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Issue 188, October 2019
Contents


Editorial    Summary of Editorial column
 Wine at the Time of Brexit
There is an imminent date that many are waiting for, each for different reasons, and which states, saved the case of further extensions, the United Kingdom's exit from the European Union. The date is set for October 31st,… [more]



Wine Tasting    Summary of Wine Tasting column
 Contrasts of Todi Grechetto and Lugana
The color of Todi Grechetto
The most important and representative white grape of Umbria compared to Lugana, one of the most famous white wines of Lake Garda area… [more]
 Wines of the Month
Amarone della Valpolicella 2013, Fattori (Veneto, Italy)
Montefalco Sagrantino Colle alle Macchie 2014, Amarone della Valpolicella 2013, Adarmando 2017, Soave Motto Piane 2017, Offida Rosso Il Grifone 2013, Offida Pecorino Colle Vecchio 2017, Trebbiano Spoletino 2018… [more]


Events    Summary of Events column
 News



 Aquavitae
Grappa Ortica e Limone, Giovi (Sicily, Italy)
Review of Grappa, Distillates and Brandy, Grappa Ortica e Limone… [more]
 Wine Guide Parade
June 2019… [more]



   Share this article     Summary of Editorial column  
  Editorial Issue 188, October 2019   
Wine at the Time of BrexitWine at the Time of Brexit  Contents 
Issue 187, September 2019 Follow DiWineTaste on Follow DiWineTaste on TwitterIssue 189, November 2019

Wine at the Time of Brexit


 There is an imminent date that many are waiting for, each for different reasons, and which states, saved the case of further extensions, the United Kingdom's exit from the European Union. The date is set for October 31st, therefore in less than a month, in which will happen the complex process that takes the name of Brexit, the famous portmanteau of the English words Britain – better said, Great Britain – and exit. An event that, a well-known fact, will have consequences in many areas of social and political life in both the United Kingdom and the European Union. Added to these are, inevitably and no less important, consequences in the economic areas as well, since it is necessary to redefine the commercial relationships with a direct and, at the moment, indefinable impact for all the subjects carrying out import and export operations with the United Kingdom.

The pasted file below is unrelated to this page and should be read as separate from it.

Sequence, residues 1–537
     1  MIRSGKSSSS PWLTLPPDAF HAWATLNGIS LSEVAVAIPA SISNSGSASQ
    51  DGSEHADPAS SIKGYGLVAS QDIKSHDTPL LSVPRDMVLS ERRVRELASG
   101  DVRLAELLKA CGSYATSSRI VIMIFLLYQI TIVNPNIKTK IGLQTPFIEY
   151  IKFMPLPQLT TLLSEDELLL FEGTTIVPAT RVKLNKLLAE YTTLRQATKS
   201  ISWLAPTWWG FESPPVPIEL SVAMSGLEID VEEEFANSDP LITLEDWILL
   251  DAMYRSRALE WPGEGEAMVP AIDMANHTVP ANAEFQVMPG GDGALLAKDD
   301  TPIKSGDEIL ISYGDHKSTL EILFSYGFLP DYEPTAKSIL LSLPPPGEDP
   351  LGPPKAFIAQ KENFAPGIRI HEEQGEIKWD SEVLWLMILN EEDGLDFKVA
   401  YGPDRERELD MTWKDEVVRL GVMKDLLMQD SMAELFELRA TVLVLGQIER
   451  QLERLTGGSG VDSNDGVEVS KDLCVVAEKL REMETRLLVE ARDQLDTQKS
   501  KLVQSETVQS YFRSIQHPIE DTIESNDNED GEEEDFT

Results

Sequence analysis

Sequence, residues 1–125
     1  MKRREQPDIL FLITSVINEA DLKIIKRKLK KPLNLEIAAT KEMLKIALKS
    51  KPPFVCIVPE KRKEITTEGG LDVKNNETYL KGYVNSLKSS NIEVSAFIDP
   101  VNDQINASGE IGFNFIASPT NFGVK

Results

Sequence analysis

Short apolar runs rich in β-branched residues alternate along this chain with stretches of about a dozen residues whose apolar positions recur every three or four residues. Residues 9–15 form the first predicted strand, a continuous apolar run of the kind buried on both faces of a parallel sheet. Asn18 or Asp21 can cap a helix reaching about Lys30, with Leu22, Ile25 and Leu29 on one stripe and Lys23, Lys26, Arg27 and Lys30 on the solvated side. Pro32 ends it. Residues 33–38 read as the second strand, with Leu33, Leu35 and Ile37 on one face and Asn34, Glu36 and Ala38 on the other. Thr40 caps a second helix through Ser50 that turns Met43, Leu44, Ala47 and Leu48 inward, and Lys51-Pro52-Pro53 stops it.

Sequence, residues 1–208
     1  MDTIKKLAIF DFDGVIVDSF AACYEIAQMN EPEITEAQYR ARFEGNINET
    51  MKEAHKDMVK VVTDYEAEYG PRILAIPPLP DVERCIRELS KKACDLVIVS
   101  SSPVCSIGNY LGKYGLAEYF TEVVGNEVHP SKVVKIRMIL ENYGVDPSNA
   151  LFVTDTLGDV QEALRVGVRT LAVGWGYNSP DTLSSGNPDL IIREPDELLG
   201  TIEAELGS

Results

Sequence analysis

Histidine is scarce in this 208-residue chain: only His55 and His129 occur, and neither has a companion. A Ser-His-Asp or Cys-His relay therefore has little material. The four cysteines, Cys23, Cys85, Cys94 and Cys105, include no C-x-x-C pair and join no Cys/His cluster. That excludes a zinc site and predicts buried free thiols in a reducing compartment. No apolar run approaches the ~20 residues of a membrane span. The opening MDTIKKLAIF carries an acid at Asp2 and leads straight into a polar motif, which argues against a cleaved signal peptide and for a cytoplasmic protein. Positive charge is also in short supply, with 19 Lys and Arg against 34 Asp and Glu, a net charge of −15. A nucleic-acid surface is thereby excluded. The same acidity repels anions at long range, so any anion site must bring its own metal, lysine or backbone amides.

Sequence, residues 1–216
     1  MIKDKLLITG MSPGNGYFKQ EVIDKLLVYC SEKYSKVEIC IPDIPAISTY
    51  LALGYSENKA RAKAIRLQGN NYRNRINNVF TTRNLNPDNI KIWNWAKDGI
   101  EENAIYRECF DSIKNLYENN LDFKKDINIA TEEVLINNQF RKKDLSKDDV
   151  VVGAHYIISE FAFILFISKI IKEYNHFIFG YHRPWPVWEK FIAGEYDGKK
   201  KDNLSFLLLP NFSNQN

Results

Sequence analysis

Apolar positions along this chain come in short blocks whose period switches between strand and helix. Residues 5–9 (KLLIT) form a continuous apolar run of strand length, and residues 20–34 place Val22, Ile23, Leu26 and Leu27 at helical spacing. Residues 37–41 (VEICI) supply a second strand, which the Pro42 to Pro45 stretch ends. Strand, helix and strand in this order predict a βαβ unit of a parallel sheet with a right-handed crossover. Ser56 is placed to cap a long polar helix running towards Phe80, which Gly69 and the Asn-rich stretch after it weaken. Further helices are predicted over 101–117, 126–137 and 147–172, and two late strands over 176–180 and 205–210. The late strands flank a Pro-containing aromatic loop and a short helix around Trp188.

The consequences of the brexit, in any case, will affect in a decidedly important way also the agricultural and food industries of all European countries, including the wineries producing wine – and in particular – the Italian ones. Italy is clearly not the only European country whose agricultural and food industries, including wine production, represent a very important part of the economic balance, however it is known that many of these, including wineries, export large quantities and volumes of products and wine to the United Kingdom. This seems to be quite an important problem, in fact, for many Italian wineries, as well as for those in other European countries, as the profit share deriving from the export of wine and alcoholic beverages to the United Kingdom is a very important part. Not least, it represents a very important profit even for entire areas, denominations and styles of wine, in particular Prosecco, which bubbles are very popular and loved in the United Kingdom.

 Brexit, which still does not seem to have taken any official form in terms of both conclusion and definition of commercial and political relations with European Union countries, is indeed worrying – in any case – for many wine producers in Italy. In fact, whether it will be adopted the so-called soft brexit – that is with a reciprocal agreement – or the hard brexit, also known as no-deal brexit – that is with no agreement – the economic consequences will have an important impact on both sides. As far as we are concerned, as Italian and European citizens, it will certainly be more difficult to export our products to the United Kingdom. In fact, the possible definition of more complex and less easy trade and exchange rules – which could very probably see the introduction of customs duties – sales prices in the UK market will increase with a consequent decrease in volumes.

 Confagricoltura (one of the main Italian farmer associations) provided a measure of the economic impact for wine trading, focusing on the fact the United Kingdom is currently importing agricultural and food products for about 40 billion euros each year from European Union member countries. As for wine industry, Confagricoltura reminds that 55% of the wines consumed in the United Kingdom are imported from European Union countries. Also in the United Kingdom have been made estimates of the impact of Brexit, in particular the consequences this will have on the importation of wine and spirits. According to an analysis conducted by the Wine and Spirits Trade Association – the British association for the trade of wines and spirits – consumer prices of these products are inevitably destined to increase and in a decidedly important way. A measure that, obviously, is a direct consequence of the introduction of specific duties as well as of higher costs for importation.